Head coach Leonardo Cuellar (pictured) led Mexico to a spot in the 2015 FIFA Women's World Cup by guiding the Tricolor to a third-place finish in the 2014 CONCACAF Women's Championship. (Photo: Mexsport)
CHESTER, Pennsylvania -- With slightly more than seven months to the kickoff of the FIFA Women's World Cup (WWC), Mexico has time to make some vital improvements.
Getting off to better starts could be at the top of head coach Leonardo Cuellar's training agenda.
The Mexicans found the opening stages of three 2014 CONCACAF Women's Championship games to be a challenge. They conceded an eighth minute goal in a 1-0 loss to Costa Rica, fell behind in a 3-1 win over Jamaica, and struggled early during Sunday’s 4-2 extra-time victory over Trinidad & Tobago in the third-place match before taking a 1-0 lead in the 24th minute.
"The beginning of every half has been a problem for us," Cuellar said. "An early goal by Costa Rica and then Jamaica. Even in this game (match for third place) that we went ahead, we scored first, the first 15 minutes Trinidad & Tobago was better. There was something we needed to correct immediately. We were not ready for the battle. We were not ready to compete.”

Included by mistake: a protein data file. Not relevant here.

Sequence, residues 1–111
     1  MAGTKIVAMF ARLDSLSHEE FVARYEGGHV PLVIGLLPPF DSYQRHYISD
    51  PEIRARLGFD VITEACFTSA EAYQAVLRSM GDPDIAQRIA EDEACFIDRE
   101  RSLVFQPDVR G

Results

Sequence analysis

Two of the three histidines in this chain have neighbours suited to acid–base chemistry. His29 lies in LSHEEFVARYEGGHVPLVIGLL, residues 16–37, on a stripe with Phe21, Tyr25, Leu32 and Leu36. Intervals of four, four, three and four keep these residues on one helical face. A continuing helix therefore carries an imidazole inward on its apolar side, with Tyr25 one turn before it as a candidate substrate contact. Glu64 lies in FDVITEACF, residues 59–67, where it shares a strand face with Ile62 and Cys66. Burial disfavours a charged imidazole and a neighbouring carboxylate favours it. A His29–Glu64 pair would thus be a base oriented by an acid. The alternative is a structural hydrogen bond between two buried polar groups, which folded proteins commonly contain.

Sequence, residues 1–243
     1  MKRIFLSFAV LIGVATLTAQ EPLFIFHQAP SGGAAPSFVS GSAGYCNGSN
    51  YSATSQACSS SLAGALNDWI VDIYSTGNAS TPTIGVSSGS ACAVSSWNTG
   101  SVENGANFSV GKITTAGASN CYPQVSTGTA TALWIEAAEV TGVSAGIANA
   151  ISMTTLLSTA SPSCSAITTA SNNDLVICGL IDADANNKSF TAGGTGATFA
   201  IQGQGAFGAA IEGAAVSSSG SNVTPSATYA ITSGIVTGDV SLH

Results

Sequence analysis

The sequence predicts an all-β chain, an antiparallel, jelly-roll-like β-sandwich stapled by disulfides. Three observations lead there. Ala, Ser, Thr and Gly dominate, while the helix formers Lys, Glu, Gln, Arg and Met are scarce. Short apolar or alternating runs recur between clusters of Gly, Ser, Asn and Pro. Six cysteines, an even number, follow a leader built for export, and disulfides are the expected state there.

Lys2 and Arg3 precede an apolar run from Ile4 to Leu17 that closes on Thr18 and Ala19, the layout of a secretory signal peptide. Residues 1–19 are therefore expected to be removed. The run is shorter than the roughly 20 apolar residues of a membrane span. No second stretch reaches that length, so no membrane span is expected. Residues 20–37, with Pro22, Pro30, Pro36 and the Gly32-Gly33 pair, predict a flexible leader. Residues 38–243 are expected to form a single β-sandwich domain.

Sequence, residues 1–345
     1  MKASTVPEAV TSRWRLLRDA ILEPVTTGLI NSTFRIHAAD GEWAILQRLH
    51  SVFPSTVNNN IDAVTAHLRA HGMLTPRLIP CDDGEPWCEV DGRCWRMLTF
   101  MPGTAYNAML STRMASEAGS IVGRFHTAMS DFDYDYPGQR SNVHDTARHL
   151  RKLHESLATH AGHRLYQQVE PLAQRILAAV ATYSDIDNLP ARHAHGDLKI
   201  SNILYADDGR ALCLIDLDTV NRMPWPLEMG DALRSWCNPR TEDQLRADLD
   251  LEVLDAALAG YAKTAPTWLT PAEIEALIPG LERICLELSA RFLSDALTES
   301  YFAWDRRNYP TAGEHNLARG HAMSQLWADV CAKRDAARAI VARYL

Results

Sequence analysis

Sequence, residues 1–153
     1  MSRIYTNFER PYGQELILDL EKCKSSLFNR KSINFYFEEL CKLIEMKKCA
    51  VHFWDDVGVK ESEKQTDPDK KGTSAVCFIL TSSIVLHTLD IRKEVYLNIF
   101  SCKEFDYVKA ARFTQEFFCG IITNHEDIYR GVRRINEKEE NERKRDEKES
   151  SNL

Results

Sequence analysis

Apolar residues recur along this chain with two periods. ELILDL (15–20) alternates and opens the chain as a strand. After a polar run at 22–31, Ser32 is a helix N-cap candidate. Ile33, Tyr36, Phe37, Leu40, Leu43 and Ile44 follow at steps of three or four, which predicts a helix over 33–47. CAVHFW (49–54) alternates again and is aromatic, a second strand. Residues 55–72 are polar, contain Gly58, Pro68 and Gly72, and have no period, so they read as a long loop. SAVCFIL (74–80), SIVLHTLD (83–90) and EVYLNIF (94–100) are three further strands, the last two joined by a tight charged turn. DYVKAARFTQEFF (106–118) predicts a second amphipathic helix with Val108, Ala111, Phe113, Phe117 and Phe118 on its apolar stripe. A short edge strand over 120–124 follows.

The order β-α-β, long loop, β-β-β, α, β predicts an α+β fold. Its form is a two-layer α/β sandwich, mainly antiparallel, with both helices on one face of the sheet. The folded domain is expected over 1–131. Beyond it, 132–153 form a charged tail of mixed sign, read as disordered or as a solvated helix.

Cuellar hopes to have many opportunities to put the Tricolor on the right track ahead of Canada 2015. Mexico will hold a training camp with about two-thirds of the current roster attending.
"That will give some us some kind of continuity," he noted.
There are plans for a trip to China in January, the Cyprus Cup in March with fellow WWC qualifiers Australia, England, Canada and Korea Republic, as well as friendlies leading up to the finals.
"We're going to try to take advantage of the FIFA dates and travel and have teams come to Mexico that they might be interested on the way to Canada or if they are playing Canada before,” Cuellar added. “The budget is there. We already anticipated that. That's why it was imperative for us to qualify, not to lose all the funding that we have."
Cuellar said he was "definitely" relieved to earn a third-ever berth after also guiding Mexico to the 1999 and 2011 WWCs.
"When you coach a national team and when you also are in charge of a program, you always have your job on the line," the 60-year-old finished. "It could be very difficult to go back to Mexico without a ticket."